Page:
Frosted sorghum-sudangrass pasture poses prussic acid poisoning risk

Sorghum-family plants can contain prussic acid that is potentially lethal to livestock.

Forage sorghum, sudangrass and sorghum-sudangrass hybrids (sudax) are exceptionally heat and drought tolerant annual crops that are used for cover, grazing, green chop, hay and silage. Because of the drought and hay shortage, many acres of these crops have been planted this year for emergency forage in Michigan. The recent rains boosted growth and many producers are grazing the forage. Care is needed when utilizing these forages for cattle, sheep and goats because of risks related to prussic acid poisoning. Forages in the sorghum family should never be fed to horses because of risk of a poorly understood but sometimes fatal urinary problem.

All sorghum family plants can cause prussic acid or cyanide poisoning in livestock. These plants contain a secondary compound called dhurrin, which is enzymatically converted to toxic prussic acid, also called hydrocyanic acid, in wilting forage. Dangerous wilting can be caused by drought, frost, cutting, trampling, or even just by chewing. Prussic acid poisoning can kill animals quickly. Animals develop some tolerance if they are continuously pastured on these forages, but producers should be alert to any conditions that cause sudden wilting of the forage. Leaves contain more toxin than stems. Toxicity potential is greatest in seedlings, lush, dark green new leaves, droughty forage and frosted forage. Because of concentration of toxin in new leaves, sorghum forages should never be grazed or fed as green chop until plants are at least 18 to 24 inches tall. This is approximately belly high on a mature cow.

Prussic acid poisoning is a veterinary emergency. Signs can occur as soon as 10 minutes after consuming a toxic dose. Prussic acid interferes with the ability of blood to carry oxygen, causing animals to die of suffocation. Affected animals show labored breathing, excitement, gasping, convulsions, paralysis, staggering and death. Usually animals are simply found dead because progression is rapid and easily missed when animals are not under continuous observation.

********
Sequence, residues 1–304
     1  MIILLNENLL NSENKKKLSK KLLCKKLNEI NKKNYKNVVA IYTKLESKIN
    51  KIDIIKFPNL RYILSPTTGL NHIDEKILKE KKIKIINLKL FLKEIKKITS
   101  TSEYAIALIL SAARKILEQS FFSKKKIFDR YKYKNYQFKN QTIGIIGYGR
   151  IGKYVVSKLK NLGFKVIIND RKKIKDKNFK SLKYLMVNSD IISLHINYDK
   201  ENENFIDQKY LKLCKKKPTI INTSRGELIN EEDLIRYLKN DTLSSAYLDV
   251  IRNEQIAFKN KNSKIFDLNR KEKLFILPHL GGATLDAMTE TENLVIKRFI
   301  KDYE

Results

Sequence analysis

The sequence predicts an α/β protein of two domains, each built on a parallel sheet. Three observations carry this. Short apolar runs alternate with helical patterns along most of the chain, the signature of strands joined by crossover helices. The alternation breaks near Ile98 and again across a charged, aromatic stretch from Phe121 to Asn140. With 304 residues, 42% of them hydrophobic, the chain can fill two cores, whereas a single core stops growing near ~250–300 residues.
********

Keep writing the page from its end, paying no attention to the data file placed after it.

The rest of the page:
When a killing frost is expected, animals should be removed from the pasture until the frost-killed herbage is completely dried (usually five to six days). If new shoots form after frost, animals should not be allowed to graze until the new shoots are 18 to 24 inches tall, because they may preferentially graze the new growth which will be high in prussic acid.

When sorghum-family forages are cut for hay, prussic acid dissipates as the hay dries and hays are safe to feed once bales have reached the stable storage phase. This is also why frosted sorghum-sudangrass is safe to graze after it has field-dried to “standing hay.” “Green” sorghum hays that are still in the heating phase should not be fed. Prussic acid is destroyed by ensiling and is gone by the time fermentation is complete. A good rule of thumb is to wait three weeks after harvest before feeding hay or silage made from sorghum-family forages.

Sorghum-family forages can be used safely, but require careful attention from producers to reduce the risks.

For more information, contact Michigan State University Extension forage specialist Kim Cassida at 517-355-0271 ext. 1194.

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